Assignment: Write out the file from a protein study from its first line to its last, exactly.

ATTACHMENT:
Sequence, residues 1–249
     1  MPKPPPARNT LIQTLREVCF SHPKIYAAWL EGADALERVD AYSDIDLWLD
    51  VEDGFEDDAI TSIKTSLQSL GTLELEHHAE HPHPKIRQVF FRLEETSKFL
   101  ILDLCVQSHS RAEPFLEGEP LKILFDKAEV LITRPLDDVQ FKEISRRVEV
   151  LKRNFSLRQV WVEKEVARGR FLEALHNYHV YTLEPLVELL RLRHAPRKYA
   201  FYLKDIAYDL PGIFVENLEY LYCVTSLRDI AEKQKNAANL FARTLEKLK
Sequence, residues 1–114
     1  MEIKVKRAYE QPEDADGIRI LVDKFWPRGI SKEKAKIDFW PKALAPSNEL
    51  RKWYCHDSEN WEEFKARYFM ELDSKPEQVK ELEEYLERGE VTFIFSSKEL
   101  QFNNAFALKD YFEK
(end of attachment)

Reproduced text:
Sequence, residues 1–249
     1  MPKPPPARNT LIQTLREVCF SHPKIYAAWL EGADALERVD AYSDIDLWLD
    51  VEDGFEDDAI TSIKTSLQSL GTLELEHHAE HPHPKIRQVF FRLEETSKFL
   101  ILDLCVQSHS RAEPFLEGEP LKILFDKAEV LITRPLDDVQ FKEISRRVEV
   151  LKRNFSLRQV WVEKEVARGR FLEALHNYHV YTLEPLVELL RLRHAPRKYA
   201  FYLKDIAYDL PGIFVENLEY LYCVTSLRDI AEKQKNAANL FARTLEKLK
Sequence, residues 1–114
     1  MEIKVKRAYE QPEDADGIRI LVDKFWPRGI SKEKAKIDFW PKALAPSNEL
    51  RKWYCHDSEN WEEFKARYFM ELDSKPEQVK ELEEYLERGE VTFIFSSKEL
   101  QFNNAFALKD YFEK